The turmoil that drove Silicon Valley Bank and Signature Bank out of business, rocking the wider banking sector, has analysts bracing for the next possible crisis: the $20 trillion commercial real estate market.
As part of its deal, all 84 First Republic branches in eight states – including seven in Santa Clara County, 15 in San Francisco, six in San Mateo County, eight in the East Bay and 17 in Southern California – will reopen this morning as JPMorgan branches.
The April 21 downgrading of the credit ratings of 11 regional banks by Moody’s raised new doubts about their stability, while their leaders said the turmoil spurred by last month’s collapse of Silicon Valley Bank has passed.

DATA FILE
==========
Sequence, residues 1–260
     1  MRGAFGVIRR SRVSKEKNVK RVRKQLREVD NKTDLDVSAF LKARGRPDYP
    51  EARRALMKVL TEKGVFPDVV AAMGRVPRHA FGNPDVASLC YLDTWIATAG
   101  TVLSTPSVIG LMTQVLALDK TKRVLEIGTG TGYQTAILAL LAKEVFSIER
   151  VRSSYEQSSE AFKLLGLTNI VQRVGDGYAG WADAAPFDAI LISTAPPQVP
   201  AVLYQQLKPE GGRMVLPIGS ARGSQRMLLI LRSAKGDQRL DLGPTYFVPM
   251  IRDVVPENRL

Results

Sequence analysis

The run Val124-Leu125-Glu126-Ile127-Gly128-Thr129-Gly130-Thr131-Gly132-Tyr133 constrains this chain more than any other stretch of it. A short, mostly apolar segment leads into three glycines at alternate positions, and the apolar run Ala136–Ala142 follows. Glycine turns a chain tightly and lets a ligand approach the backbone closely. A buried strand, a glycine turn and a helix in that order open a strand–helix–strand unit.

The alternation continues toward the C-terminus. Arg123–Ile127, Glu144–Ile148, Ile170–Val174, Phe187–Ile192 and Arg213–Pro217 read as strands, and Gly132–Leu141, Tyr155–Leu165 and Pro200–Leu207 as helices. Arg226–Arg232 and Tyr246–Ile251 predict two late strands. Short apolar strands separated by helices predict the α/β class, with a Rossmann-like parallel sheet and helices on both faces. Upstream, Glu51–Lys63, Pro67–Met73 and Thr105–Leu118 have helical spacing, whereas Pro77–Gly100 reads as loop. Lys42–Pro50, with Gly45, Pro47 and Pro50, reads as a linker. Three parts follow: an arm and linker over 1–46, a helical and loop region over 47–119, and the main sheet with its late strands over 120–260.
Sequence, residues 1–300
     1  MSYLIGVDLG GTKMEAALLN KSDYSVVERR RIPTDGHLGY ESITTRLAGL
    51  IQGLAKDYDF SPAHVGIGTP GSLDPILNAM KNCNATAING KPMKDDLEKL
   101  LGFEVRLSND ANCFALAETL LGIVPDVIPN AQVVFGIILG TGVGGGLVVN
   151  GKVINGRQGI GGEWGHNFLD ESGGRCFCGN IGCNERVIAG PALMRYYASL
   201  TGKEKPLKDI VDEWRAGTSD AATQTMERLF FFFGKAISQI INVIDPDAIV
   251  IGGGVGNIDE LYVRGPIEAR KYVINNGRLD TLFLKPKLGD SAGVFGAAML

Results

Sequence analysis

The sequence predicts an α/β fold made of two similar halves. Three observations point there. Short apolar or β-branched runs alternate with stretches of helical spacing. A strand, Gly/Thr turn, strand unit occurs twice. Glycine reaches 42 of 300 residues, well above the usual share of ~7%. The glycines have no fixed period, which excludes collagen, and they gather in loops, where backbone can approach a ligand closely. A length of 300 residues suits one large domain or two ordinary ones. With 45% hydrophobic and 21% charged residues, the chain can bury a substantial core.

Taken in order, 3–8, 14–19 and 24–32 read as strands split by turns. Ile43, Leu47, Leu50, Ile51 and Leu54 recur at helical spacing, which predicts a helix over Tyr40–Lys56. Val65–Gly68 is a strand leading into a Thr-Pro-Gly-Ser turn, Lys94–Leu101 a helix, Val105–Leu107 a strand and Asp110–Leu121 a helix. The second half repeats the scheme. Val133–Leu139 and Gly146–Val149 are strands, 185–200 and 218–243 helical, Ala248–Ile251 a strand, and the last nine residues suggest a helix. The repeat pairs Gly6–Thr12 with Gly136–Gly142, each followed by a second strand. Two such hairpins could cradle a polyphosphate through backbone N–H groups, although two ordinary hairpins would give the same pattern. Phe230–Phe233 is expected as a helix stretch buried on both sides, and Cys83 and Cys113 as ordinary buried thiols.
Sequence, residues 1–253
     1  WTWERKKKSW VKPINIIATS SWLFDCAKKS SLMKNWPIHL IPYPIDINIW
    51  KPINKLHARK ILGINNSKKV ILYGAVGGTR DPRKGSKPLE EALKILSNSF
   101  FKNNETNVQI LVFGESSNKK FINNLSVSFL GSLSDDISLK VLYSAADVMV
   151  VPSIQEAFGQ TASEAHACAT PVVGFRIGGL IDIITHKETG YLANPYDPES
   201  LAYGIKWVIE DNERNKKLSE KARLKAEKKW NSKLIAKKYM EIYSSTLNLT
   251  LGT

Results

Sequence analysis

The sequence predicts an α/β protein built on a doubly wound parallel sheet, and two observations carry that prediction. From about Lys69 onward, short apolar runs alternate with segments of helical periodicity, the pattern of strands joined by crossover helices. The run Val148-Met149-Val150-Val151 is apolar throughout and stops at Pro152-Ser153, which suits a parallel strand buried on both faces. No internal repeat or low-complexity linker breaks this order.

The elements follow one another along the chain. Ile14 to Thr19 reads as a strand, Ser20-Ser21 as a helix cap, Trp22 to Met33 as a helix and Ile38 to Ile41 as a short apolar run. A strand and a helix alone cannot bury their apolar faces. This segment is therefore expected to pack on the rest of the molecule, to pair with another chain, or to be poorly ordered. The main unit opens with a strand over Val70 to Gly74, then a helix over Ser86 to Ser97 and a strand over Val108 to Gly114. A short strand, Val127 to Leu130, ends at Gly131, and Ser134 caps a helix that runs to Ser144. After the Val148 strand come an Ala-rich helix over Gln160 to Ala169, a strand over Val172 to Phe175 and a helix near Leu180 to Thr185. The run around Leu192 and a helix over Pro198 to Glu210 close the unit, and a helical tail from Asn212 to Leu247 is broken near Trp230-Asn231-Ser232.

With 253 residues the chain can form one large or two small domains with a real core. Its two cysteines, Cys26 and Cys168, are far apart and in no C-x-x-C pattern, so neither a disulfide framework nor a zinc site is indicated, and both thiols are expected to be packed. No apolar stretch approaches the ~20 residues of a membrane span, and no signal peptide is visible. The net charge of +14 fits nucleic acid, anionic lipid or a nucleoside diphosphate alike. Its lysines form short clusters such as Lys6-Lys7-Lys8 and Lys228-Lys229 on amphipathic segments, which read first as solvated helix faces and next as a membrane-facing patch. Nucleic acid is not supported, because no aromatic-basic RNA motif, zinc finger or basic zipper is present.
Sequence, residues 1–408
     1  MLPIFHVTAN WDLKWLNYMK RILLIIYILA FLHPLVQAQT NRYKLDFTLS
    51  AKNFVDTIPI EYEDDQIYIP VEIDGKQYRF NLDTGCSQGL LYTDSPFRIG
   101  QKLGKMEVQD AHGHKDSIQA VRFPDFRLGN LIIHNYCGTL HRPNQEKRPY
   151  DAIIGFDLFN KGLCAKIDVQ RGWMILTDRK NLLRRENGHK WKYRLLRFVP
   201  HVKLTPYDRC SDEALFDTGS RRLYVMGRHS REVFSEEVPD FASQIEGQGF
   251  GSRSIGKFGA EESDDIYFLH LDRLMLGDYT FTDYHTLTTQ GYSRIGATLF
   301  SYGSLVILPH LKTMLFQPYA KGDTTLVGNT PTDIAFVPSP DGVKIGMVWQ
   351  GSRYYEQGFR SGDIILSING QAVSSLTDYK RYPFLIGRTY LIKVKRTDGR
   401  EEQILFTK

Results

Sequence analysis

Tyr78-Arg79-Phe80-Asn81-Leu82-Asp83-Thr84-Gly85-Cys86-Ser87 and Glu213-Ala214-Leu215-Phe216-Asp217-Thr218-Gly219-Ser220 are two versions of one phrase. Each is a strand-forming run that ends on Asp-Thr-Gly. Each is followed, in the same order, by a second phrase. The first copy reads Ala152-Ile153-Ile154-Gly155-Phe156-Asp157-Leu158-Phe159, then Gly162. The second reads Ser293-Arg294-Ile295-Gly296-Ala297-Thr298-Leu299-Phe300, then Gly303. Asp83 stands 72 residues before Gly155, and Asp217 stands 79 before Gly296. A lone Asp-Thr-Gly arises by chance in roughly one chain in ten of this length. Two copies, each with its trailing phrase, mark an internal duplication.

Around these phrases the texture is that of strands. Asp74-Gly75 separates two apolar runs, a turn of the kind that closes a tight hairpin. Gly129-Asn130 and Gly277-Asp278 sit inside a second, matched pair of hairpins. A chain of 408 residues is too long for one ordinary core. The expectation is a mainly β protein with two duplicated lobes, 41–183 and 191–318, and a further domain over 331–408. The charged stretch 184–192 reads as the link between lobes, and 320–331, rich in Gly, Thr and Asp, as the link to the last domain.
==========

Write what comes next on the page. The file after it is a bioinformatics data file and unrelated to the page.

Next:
The March 27 purchase by First Citizens Bancshares of all assets and liabilities of the failed Silicon Valley Bank did not include a community reinvestment pledge signed by SVB in 2021 as part of an acquisiton of Boston Private Bank.
The Federal Deposit Insurance Corporation, ending its search for a buyer of the failed Silicon Valley Bank, announced late Sunday a government-backed deal in which First Citizens Bancorp will buy the bank's loans and assets.
The picture that is emerging of SVB is one of a bank whose leaders failed to plan for a realistic future and neglected looming financial and operational problems, even as they were raised by Fed supervisors.
The Federal Reserve, Treasury Department and Federal Deposit Insurance Corporation announced in a joint statement Sunday that all Silicon Valley Bank depositors will have access to all of their money starting Monday, March 13, and that none of these costs will be paid by U.S. taxpayers.